In a world of over 8 billion people, the number of people you know in person is microscopic. The truth is, the world out there is filled with strangers who might not be so different from us. We often hear stories about celebrities, politicians, world-changing go-getters, but there are also stories about nobodies who in spite of their ordinary standings go through extraordinary events. Podcasts come in various genres, but this is a list of non-fiction storytelling podcasts where you get to hear the real-life story of a stranger.
Podcasts are a great way to spend your commute, to liven up your cooking or cleaning tasks, or to listen to when you want a story but your eyes are tired of staring at text or a bright screen. Turn up the volume, curl up under your blanket with a hot drink and enjoy. And the best part about hearing the stories told by strangers who come from different backgrounds is that you just might learn something new.
To expand your horizons and to let you binge on some audio series instead, here are a few choice podcasts to pick from:
1. For the ones looking for love: Modern Love
For the ones looking for love. Modern Love consists of stories about love in all forms, how people who met their significant others, their hardships, their happy – but sometimes unhappy – endings. But Modern Love is also about love in its non-romantic and non-sexual forms. The platonic love between two friends; the love of a parent towards their child, even when parenthood isn’t easy; the love between a man and a woman who marry each other but only so that the guy won’t have to go back to his home country where his homosexuality would not be tolerated. The stories of Modern Love are written by some published writers but also by first-time authors, some college-students. Each episode is brought to life through a reading by an actor or actress.
2. For the ones looking for entertainment: The Moth
Short stories of life, often humorous, sometimes bittersweet, almost always relatable. The Moth Radio Hour has been running since 2009 and specialises in storytelling in front of a live audience. It is worth mentioning that the speakers are telling their own stories in an open mic event similar to a poetry slam, but due to some selection based on performance skills, each story is delivered in a truly engaging way by the person who experienced the story first-hand. From embarrassing school stories to tales from the hair dresser’s, if you are looking for something shorter (around 10 minutes), this might just be the perfect choice. American setting, but ultimately universal.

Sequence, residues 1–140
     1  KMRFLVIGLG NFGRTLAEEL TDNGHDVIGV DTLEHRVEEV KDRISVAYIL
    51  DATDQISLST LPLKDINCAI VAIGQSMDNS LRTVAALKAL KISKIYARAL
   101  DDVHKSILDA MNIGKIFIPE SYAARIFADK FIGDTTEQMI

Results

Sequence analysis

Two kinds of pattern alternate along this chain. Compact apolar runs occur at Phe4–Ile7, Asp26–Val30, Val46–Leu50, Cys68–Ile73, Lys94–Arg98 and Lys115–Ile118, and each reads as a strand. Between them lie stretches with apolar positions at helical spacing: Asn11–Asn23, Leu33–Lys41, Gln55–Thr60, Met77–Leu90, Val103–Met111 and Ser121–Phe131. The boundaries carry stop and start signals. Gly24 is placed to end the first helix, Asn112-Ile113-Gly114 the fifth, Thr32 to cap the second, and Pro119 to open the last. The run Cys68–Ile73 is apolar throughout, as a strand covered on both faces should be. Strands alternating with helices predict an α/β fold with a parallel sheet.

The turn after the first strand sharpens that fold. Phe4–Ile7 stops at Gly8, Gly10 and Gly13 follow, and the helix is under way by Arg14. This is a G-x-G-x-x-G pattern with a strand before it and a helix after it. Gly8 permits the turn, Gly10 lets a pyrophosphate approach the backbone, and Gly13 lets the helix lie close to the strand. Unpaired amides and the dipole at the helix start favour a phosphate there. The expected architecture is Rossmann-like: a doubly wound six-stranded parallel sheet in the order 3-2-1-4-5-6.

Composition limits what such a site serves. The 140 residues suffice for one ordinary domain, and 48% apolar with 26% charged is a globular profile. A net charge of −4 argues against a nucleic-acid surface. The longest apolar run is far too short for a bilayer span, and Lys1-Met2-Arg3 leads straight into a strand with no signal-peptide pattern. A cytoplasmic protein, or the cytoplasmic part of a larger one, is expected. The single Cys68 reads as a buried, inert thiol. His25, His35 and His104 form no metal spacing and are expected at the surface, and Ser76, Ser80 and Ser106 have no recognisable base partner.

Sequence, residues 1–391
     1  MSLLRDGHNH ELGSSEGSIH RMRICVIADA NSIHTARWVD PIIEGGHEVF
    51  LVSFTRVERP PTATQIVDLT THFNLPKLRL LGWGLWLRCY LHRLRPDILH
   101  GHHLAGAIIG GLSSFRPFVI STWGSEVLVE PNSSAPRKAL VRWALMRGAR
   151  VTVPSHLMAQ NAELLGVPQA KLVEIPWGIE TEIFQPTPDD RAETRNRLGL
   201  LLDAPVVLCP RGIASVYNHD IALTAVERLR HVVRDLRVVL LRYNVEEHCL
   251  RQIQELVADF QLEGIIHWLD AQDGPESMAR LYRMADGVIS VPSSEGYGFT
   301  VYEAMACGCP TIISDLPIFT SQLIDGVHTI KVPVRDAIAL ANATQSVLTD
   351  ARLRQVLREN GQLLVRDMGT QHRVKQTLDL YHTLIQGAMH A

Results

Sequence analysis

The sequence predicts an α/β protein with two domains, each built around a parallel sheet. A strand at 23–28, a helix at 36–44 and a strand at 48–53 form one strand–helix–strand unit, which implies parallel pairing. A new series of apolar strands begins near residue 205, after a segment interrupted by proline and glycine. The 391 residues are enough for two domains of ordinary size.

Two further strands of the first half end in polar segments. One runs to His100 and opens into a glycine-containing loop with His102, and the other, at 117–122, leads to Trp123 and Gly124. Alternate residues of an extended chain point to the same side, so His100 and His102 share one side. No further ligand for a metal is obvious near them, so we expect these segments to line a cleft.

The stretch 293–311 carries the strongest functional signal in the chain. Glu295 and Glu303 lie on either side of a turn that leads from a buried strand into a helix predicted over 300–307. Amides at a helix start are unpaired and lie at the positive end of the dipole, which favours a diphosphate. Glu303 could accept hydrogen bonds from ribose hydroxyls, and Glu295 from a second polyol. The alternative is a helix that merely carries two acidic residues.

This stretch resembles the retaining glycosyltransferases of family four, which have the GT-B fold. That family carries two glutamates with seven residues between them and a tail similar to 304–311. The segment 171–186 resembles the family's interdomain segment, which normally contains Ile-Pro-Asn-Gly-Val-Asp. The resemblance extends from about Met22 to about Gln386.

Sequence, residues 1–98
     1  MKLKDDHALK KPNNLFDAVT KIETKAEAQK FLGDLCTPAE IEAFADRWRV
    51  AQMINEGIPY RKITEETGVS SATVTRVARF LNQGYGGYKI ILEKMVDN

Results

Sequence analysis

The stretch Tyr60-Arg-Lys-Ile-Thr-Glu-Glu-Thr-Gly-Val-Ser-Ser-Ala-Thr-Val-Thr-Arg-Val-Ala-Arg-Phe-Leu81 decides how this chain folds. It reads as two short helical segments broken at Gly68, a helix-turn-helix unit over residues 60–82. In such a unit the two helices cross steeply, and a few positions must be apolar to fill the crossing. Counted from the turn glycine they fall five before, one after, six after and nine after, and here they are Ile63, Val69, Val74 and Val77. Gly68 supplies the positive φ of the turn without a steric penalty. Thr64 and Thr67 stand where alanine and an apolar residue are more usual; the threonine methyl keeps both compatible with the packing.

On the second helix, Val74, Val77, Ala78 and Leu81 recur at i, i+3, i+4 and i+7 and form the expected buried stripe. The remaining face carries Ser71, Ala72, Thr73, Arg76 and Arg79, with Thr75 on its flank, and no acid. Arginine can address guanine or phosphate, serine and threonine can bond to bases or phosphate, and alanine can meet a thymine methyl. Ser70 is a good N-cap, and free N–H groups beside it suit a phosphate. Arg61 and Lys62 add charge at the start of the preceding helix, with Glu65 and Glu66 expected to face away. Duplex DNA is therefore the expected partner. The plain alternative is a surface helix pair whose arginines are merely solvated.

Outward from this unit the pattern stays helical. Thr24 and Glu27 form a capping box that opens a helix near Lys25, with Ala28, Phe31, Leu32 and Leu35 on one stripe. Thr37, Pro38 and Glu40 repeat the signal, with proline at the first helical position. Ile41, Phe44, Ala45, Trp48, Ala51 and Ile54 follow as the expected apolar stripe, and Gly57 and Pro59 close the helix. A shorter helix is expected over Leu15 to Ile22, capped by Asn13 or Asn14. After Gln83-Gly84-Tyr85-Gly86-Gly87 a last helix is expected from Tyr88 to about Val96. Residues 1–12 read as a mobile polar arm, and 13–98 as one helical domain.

3. For the ones looking for suspense: This is Actually Happening
What if you were hanging off a 600 ft waterfall? What if you were hunted by the Japanese mafia? These are actually the titles of two of the episodes. The stories are told by people to whom these things have happened. Some of the experiences are more action, some less so, but still suspenseful. For instance, What if you suffered from Tourette’s Syndrome is a story told by a man whose life was changed on a psychological level, being trapped by his own brain, and sometimes something like that can be much scarier than what you can encounter on the street. The effective soundtrack in the background is effective in creating the atmosphere.
4. For the ones looking to learn: The Doc Project
There are lots of educational podcasts out there, but the Doc Project is where you hear about communities, community projects and history, learning about society as you listen to a story. Hosted by Acey Rowe, this podcast based in Canada meets with various people, both as individuals and as groups. One episode tells the story of a girls’ ice hockey team, another discusses the meaning of rape jokes told by comedians, both men and women, who are survivors. A true “doc”, the format mixes interviews with the host with monologue and real footage.
5. For the ones sick of the internet: Conversations with People Who Hate Me
A newcomer on the list of podcasts, this needs a special mention as the pod that tackles the division between left and right political leanings in a unique manner. Instead of shutting out his critics, the host – Dylan Marron, a gay Latino who likes voicing his liberal opinions on his YouTube channel – contacts the people who have sent him hateful messages online. But instead of fighting about opinions, Mr. Marron proposes a dialogue. The “haters” explain why they wrote what they did and the goal is to find common ground or to agree to disagree. Thus, you end up hearing the story of a person you might usually not talk to. Mind you, the “haters” are not always of the stereotypical southern, conservative, white-male Christian kind. And it’s always interesting to know what goes on in the mind of a person who posts hate online – they are just humans who deal with their own share of problems.